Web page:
9. Acoustic transfer of protein crystals from agarose pedestals to micromeshes for high-throughput screening

    SciTech Connect

    Cuttitta, Christina M.; Ericson, Daniel L.; Scalia, Alexander; Roessler, Christian G.; Teplitsky, Ella; Joshi, Karan; Campos, Olven; Agarwal, Rakhi; Allaire, Marc; Orville, Allen M.; Sweet, Robert M.; Soares, Alexei S.

    2015-01-01

    An acoustic high-throughput screening method is described for harvesting protein crystals and combining the protein crystals with chemicals such as a fragment library. Acoustic droplet ejection (ADE) is an emerging technology with broad applications in serial crystallography such as growing, improving and manipulating protein crystals. One application of this technology is to gently transfer crystals onto MiTeGen micromeshes with minimal solvent. Once mounted on a micromesh, each crystal can be combined with different chemicals such as crystal-improving additives or a fragment library. Acoustic crystal mounting is fast (2.33 transfers s{sup −1}) and all transfers occur in a sealed environment that is in vapor equilibrium with the mother liquor. Here, a system is presented to retain crystals near the ejection point and away from the inaccessible dead volume at the bottom of the well by placing the crystals on a concave agarose pedestal (CAP) with the same chemical composition as the crystal mother liquor. The bowl-shaped CAP is impenetrable to crystals. Consequently, gravity will gently move the crystals into the optimal location for acoustic ejection. It is demonstrated that an agarose pedestal of this type is compatible with most commercially available crystallization conditions and that protein crystals are readily transferred from the agarose pedestal onto micromeshes with no loss in diffraction quality. It is also shown that crystals can be grown directly on CAPs, which avoids the need to transfer the crystals from the hanging drop to a CAP. This technology has been used to combine thermolysin and lysozyme crystals with an assortment of anomalously scattering heavy atoms. The results point towards a fast nanolitre method for crystal mounting and high-throughput screening.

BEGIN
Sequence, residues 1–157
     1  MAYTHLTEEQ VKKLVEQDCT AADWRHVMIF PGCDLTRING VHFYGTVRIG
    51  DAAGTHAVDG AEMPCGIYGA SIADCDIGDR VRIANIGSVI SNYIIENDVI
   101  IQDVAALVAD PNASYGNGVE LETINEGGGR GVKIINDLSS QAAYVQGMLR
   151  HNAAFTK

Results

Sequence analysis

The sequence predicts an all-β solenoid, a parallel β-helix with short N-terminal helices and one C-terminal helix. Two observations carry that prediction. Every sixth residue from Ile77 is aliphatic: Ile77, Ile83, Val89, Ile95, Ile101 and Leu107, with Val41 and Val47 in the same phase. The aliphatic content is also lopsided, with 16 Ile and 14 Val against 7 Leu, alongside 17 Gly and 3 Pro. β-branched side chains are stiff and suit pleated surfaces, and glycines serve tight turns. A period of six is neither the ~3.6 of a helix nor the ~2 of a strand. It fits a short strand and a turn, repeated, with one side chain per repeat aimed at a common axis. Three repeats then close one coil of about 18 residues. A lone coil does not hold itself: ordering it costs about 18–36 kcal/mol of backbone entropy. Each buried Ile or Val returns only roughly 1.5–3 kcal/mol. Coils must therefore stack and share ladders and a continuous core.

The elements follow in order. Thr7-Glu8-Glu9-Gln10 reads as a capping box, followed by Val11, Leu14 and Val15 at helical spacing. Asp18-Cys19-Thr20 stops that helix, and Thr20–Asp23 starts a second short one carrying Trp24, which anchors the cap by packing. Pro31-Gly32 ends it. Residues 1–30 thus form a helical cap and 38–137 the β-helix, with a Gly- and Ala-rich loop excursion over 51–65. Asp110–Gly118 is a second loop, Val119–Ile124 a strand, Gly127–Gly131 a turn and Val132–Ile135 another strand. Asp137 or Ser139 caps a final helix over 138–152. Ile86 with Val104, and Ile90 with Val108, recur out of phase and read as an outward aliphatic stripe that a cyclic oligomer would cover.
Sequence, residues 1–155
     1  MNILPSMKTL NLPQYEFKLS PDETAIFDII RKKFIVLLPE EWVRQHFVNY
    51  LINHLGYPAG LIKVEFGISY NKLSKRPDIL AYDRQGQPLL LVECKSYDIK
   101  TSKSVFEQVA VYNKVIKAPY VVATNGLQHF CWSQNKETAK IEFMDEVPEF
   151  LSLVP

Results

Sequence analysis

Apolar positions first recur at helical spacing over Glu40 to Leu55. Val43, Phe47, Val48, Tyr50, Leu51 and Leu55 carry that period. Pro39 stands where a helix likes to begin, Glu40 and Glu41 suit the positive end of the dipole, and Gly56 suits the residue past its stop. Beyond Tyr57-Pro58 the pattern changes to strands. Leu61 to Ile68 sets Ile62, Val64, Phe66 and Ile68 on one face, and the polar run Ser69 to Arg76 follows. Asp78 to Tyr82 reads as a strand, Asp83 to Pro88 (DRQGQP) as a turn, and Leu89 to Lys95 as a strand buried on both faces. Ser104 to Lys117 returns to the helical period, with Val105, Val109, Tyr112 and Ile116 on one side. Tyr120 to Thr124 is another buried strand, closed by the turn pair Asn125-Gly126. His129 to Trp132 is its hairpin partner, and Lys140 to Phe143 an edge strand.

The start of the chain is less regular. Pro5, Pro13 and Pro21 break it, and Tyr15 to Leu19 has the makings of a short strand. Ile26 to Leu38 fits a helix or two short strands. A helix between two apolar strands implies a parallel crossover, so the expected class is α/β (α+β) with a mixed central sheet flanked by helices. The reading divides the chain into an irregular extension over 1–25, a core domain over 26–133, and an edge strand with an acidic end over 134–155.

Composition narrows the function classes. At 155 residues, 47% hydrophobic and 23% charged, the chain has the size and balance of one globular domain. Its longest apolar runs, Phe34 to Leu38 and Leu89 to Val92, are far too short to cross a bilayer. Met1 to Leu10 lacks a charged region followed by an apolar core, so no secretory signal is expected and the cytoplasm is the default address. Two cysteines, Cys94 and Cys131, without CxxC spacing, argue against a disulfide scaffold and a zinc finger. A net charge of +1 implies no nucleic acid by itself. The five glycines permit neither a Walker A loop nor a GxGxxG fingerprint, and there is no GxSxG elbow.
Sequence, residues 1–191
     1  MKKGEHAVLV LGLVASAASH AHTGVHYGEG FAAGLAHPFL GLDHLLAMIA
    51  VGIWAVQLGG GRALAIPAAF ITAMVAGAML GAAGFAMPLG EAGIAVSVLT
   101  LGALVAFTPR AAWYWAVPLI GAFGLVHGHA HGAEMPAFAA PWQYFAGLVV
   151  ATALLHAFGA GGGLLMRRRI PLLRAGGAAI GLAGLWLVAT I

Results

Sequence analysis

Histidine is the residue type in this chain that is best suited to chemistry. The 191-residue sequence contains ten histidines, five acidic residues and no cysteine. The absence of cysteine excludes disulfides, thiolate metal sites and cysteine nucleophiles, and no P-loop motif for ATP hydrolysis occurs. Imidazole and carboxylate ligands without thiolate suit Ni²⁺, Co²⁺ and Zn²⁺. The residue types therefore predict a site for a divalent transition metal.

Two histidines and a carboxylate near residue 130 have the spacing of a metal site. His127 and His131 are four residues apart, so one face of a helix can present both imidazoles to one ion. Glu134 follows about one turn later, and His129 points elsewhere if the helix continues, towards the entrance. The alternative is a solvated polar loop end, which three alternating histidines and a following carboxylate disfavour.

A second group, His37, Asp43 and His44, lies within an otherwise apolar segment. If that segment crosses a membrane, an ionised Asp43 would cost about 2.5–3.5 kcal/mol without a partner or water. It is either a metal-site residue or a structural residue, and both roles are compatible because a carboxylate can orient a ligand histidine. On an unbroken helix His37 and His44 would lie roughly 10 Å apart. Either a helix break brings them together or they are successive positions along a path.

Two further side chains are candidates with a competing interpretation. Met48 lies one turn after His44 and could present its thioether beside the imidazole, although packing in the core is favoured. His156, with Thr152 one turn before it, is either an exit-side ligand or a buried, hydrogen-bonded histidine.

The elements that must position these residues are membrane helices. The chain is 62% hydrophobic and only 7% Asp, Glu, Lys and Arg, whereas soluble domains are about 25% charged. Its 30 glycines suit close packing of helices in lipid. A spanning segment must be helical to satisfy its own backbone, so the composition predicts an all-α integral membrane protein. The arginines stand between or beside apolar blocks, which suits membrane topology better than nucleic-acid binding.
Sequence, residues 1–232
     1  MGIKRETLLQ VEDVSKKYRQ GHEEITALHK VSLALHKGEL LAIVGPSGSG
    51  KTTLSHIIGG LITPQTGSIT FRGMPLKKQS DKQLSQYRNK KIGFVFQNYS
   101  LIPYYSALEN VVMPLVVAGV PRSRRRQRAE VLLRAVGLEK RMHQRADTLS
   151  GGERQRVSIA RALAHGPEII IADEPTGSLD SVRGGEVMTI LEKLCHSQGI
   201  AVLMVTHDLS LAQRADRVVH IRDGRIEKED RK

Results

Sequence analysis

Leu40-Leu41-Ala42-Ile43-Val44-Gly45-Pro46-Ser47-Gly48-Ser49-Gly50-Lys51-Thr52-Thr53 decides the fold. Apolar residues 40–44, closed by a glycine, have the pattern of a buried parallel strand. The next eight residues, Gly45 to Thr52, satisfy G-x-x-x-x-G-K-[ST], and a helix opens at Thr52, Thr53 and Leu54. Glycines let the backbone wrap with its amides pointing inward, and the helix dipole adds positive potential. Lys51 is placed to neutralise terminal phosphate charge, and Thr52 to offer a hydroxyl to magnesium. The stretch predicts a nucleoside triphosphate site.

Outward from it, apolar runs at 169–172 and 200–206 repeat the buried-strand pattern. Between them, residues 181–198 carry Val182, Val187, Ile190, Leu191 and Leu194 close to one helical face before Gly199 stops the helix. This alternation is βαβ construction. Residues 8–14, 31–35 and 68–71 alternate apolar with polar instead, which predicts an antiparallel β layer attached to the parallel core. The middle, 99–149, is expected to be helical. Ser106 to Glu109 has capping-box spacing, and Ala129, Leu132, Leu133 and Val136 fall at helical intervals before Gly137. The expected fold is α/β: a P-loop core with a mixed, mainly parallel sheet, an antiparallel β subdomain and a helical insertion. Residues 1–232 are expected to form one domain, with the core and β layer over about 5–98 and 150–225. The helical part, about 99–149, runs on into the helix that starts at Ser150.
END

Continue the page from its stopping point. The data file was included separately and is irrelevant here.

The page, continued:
10. Acoustic transfer of protein crystals from agarose pedestals to micromeshes for high-throughput screening

    DOE PAGES

    Cuttitta, Christina M.; Ericson, Daniel L.; Scalia, Alexander; ...

    2014-06-01

    Acoustic droplet ejection (ADE) is an emerging technology with broad applications in serial crystallography such as growing, improving and manipulating protein crystals. One application of this technology is to gently transfer crystals onto MiTeGen micromeshes with minimal solvent. Once mounted on a micromesh, each crystal can be combined with different chemicals such as crystal-improving additives or a fragment library. Acoustic crystal mounting is fast (2.33 transfers s-1) and all transfers occur in a sealed environment that is in vapor equilibrium with the mother liquor. Here, a system is presented to retain crystals near the ejection point and away from themore » inaccessible dead volume at the bottom of the well by placing the crystals on a concave agarose pedestal (CAP) with the same chemical composition as the crystal mother liquor. The bowl-shaped CAP is impenetrable to crystals. Consequently, gravity will gently move the crystals into the optimal location for acoustic ejection. It is demonstrated that an agarose pedestal of this type is compatible with most commercially available crystallization conditions and that protein crystals are readily transferred from the agarose pedestal onto micromeshes with no loss in diffraction quality. It is also shown that crystals can be grown directly on CAPs, which avoids the need to transfer the crystals from the hanging drop to a CAP. This technology has been used to combine thermolysin and lysozyme crystals with an assortment of anomalously scattering heavy atoms. The results point towards a fast nanolitre method for crystal mounting and high-throughput screening.« less